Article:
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April 02, 2010

To Cheque or Not to Cheque

Posted by Mark Silins

The following text was previously published in CARTAC’s newsletter. Click here to access the full text of the newsletter and CARTAC’s website. 

Cheque it Out

It’s been 12 months since I arrived in the Caribbean after almost a decade of working in between different countries. I thought it might be useful for me to relate one of my first impressions of doing business here verses what I had experienced in other countries in the world. As always when you arrive in a new place to live (my wife and I have relocated ourselves nine times in the last 20 years) you must buy certain household and other items. During our earliest shopping expeditions to buy these, what struck me was the continued, extensive acceptance of cheques here in the Caribbean, especially given the risks and costs involved with this form of payment. I am aware that this practice is not restricted to the Caribbean but is also true for North America. I have not owned a personal cheque book for 25 years and was, therefore, not in a position to make payments in this way. Fortunately, as we all know, most larger businesses do accept debit and credit cards as an alternative payment option.

Government Chequing-in as well

A number of years ago, an efficiency study was undertaken in Australia to determine the full costs of producing a single payment in government. The final cost was about $45 AUD (from memory) but, most importantly, cheques represented a much more expensive method of payment for government verses payment by direct credit. This study resulted in immediate action to replace cheque payments with direct payments to recipient bank accounts.

While there was some resistance initially, and concerns were expressed about what the impact would be on the most vulnerable groups in society, when we examined the options objectively it was difficult to justify producing cheques even for this group of recipients.

Let’s consider the workload impact of these two types of payments and the related risks.

Weighing up Cheques verses Direct Credits

Cheque table

This list is not exhaustive, as the additional costs of using cheques verses direct credits in part depend upon the practices in place in each treasury. For example, does your Treasury only print the cheques which are to be released for payment on either the day or day before the payment release? If this is the case, then you are adhering to “good practice”. If, however, you print cheques as soon as you process the payment vouchers in your system, you are creating large additional costs for your operations, requiring the maintenance of control registers and risking duplicate payments the longer you hold onto the cheques (simply because the system shows that a cheque has been paid and may therefore result in the business submitting a second (duplicate) invoice as they have not actually been paid).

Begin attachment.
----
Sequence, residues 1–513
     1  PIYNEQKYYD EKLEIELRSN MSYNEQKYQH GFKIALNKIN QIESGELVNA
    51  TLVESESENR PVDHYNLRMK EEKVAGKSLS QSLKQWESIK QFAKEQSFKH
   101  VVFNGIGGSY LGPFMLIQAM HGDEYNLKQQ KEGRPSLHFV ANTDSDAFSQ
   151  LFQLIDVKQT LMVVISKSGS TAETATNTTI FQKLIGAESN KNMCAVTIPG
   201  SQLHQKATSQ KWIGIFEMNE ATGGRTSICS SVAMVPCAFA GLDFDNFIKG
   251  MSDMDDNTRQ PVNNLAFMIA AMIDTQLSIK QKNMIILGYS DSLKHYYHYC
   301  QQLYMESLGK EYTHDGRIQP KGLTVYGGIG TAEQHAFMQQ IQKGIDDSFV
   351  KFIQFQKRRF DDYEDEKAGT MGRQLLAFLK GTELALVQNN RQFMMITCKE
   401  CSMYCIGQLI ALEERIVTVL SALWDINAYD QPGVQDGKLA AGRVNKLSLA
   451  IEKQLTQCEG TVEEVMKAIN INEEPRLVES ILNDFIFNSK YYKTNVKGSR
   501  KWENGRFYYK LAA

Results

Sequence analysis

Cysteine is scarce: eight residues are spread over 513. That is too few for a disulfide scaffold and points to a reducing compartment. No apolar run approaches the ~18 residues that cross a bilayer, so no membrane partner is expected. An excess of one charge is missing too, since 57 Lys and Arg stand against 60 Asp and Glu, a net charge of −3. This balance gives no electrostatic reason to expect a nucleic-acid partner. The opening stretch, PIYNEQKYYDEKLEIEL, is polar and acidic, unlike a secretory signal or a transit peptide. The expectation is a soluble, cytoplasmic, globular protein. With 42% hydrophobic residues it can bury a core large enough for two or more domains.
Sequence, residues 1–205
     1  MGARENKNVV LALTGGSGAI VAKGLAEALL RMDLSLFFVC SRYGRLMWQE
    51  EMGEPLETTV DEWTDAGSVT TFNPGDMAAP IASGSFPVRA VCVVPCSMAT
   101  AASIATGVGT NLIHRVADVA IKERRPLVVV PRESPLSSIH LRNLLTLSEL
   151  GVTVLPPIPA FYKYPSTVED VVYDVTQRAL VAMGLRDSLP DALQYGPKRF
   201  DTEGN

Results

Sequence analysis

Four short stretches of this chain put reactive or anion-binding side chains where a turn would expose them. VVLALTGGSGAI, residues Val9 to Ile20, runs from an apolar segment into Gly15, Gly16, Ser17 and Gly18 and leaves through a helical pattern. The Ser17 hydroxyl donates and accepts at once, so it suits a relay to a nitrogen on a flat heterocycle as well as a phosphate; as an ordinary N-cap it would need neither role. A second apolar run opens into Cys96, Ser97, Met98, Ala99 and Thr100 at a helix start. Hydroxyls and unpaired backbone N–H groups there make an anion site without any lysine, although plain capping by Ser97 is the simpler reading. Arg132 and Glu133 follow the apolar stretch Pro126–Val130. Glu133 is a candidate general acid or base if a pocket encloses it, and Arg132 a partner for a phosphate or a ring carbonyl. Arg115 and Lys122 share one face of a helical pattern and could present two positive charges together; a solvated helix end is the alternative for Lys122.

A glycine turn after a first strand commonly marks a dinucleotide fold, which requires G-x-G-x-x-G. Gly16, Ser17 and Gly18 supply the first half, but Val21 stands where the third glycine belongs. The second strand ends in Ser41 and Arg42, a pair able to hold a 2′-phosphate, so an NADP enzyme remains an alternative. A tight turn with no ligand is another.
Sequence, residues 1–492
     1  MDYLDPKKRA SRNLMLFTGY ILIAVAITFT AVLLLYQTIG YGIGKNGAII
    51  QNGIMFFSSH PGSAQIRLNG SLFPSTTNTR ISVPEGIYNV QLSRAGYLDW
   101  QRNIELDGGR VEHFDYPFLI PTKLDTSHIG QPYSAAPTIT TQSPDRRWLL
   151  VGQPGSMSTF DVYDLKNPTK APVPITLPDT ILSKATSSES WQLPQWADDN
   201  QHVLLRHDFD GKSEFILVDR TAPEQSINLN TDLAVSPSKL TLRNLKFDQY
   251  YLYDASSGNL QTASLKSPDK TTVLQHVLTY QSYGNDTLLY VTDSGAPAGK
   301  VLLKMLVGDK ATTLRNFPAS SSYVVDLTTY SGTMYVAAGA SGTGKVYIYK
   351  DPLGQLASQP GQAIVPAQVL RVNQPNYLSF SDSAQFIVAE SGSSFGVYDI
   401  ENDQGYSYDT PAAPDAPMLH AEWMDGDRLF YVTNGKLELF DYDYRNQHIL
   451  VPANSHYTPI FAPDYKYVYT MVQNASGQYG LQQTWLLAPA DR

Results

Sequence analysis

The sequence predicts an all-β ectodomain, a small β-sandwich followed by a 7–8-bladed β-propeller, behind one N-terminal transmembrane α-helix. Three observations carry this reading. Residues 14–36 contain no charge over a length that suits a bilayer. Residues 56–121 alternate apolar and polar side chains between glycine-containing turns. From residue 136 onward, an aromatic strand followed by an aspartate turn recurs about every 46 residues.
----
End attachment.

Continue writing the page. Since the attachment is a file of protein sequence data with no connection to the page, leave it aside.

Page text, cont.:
An additional benefit of requiring vendors to have bank accounts is that we can also check to see if they are being compliant with their tax obligations.  

Treasury challenge

Why don’t you take steps today to reduce your country’s dependency on cheques and move to payment by direct credits?

In February, after this issue was discussed at a CaPFA/CARTAC PFM workshop, the Belize Treasury issued a circular to ministries indicating that no new vendors would be added to the vendors’ database in the IFMIS without bank account details. Well done to Dorothy Bradley and her staff for this initiative. Of course, Belize still needs to continue to focus on further automation for all other vendors and also other beneficiaries of public money.

If you have any comments or concerns about the cheque verses direct credit issue, drop me a line or give me a call to argue your point. It would be great to get some dialogue going about this issue. But don’t forget, I also worked in a treasury that used to print cheques and subsequently moved to direct credits, so I have seen both sides of this argument first hand.  I would also like to hear from countries about other initiatives you are taking to reduce workloads through enhanced use of technology.


 FMIS Conference, Anguilla, September 2010
 PFM Conference, Barbados, November 2010 – The main theme is Internal Control 
 PFM Workshops in the next six months – Dominica, Montserrat, Antigua and Barbuda, St Lucia, and Turks and Caicos.
If you are considering approaching CARTAC/CaPFA about convening a PFM workshop, you should read the attached document “Checklist for convening a PFM workshop”, which highlights the responsibilities of all the parties in this process.


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I have no dificulty with such an improvement. My Country has had in place an IFMIS for some years now;a transition from manual cheques to electronic cheques and signatures. The system also facilitates direct deposits.

From the customer/supplier point of view what matters is the predictibilty and assurance that he or she will receive payment and receive it on time.

In such systems the reviews and in some istances expost audits are critical to ensure that any mistakes can be corrected within reasonable time, to recover any overpayments or incorrect payments etc.

PFM focus in most Caribbean countries should be on reducing and eliminating the backlog of unaudited financial statements and accounts and to shift focus to accounting standards, internal controls, cash management and commitments and other performance related issues which we are yet to get right.

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